Self-described 'outsider torch singer' Mary Ocher performs at Analogue tonight | Bleader

Thursday, September 10, 2015

Self-described 'outsider torch singer' Mary Ocher performs at Analogue tonight

Posted By on 09.10.15 at 12:00 PM

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click to enlarge Mary Ocher is about to evolve into her final form. - HADAS HINKIS
  • Hadas Hinkis
  • Mary Ocher is about to evolve into her final form.

Born Mariya Ocheretianskaya in Moscow in 1986, Mary Ocher (pronounced "Oh-chur") moved to Israel with her family at age four, then to Berlin at 20. In 2011 she caught the attention of the inimitable King Khan at a karaoke bar (he also lives in Berlin), and she recorded what's still her most recent full-length of new material, 2013's Eden, at his Moon Studios.

He's not her only famous fan either: Karen O of the Yeah Yeah Yeahs contributed a quote to Ocher's press kit. "Mary Ocher gives me the chills," she says. "She frightens me with her feral soul. Her sound is of a true outsider artist, immaculately self-possessed. Was this recorded this century? Or out of a basement that's she's been imprisoned all her life?"

Her DIY roots and anything-goes aesthetic notwithstanding, Ocher is obviously too well-connected to qualify as an outsider. And she's definitely not locked in a basement—tonight at 10 PM, she plays a free show at Analogue in Logan Square as part of a solo North American tour.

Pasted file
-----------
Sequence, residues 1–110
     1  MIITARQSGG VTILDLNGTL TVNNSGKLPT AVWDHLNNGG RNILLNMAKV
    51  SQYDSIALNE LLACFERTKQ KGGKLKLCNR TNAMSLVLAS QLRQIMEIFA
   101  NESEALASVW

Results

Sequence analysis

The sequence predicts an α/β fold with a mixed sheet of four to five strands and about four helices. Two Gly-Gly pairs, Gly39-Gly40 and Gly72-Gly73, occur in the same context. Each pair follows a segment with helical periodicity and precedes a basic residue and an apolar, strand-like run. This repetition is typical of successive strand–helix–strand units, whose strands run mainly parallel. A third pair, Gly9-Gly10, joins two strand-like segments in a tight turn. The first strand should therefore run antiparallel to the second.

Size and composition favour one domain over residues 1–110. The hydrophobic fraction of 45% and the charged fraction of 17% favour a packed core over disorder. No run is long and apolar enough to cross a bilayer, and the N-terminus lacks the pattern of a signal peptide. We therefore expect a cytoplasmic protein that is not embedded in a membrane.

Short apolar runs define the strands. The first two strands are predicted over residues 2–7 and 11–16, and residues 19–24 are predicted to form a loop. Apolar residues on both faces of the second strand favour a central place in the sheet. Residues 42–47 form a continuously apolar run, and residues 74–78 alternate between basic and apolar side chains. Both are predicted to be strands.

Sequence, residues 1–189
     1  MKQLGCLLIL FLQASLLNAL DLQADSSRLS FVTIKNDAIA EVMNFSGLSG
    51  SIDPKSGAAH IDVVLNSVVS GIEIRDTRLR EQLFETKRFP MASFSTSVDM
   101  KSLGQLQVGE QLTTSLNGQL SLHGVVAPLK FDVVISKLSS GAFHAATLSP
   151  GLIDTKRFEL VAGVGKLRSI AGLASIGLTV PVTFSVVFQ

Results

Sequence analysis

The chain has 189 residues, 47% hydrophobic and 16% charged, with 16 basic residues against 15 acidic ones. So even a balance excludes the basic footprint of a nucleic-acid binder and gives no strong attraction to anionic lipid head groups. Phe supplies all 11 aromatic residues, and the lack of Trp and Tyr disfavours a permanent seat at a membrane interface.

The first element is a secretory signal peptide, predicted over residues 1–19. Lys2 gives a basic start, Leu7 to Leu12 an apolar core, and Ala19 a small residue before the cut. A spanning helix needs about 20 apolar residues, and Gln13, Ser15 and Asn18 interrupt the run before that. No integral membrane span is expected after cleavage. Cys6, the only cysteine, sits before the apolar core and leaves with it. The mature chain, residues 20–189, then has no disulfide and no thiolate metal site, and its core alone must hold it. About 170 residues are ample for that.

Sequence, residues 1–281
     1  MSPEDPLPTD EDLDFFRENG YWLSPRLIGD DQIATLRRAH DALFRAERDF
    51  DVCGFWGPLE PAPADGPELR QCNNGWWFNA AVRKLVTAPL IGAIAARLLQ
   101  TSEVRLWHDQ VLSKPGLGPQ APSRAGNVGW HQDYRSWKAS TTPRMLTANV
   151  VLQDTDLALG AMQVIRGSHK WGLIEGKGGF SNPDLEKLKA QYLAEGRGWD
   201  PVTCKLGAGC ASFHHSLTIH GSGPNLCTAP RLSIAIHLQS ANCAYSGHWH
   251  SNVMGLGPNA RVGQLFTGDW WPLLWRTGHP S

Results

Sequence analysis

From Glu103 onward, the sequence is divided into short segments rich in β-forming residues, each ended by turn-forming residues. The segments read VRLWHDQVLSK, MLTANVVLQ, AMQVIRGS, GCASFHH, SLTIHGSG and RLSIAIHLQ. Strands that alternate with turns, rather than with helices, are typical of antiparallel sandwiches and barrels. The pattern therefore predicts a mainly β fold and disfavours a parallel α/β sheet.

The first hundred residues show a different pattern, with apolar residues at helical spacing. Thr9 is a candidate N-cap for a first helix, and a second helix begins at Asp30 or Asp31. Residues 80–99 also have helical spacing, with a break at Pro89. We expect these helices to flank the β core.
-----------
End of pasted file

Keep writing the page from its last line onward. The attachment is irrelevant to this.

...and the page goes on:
"Baby Indiana," the only track from Eden with a video, injects its acoustic dance trance with a vaguely Middle Eastern flavor. Ocher's broad vibrato and wildly slewing pitch center make her piercing voice sound giddy and a little loopy, but she uses the occasional dramatic overenunciation of a terminal consonant to ground it in an aura of ritual pronouncement.



In March of this year, Ocher released a digital-only two-volume collection of home recordings dating back to 2006. The Fictional Biography of Mary Ocher covers a dizzying amount of ground for music that sounds like it was made in a broom closet: its backing tracks include ghostly noise, sad but jaunty piano, frisky strumming, echoing ersatz funk, chintzy drum machine with vacuum-cleaner synth, and aimlessly gnawing distorted electric guitar. Ocher herself seems to have as many faces as a vaudeville performer: her multifarious singing leaps without warning from unhinged keening to warped drawling or from wobbly muttering to blustery declaiming.



Among tonight's openers is Gel Set, aka Laura "Lulu" Callier; I reviewed her first full-length, Human Salad, on the occasion of its release party in July. Ocher will be selling copies of a second edition of Eden, both on golden cassette tapes and on vinyl.


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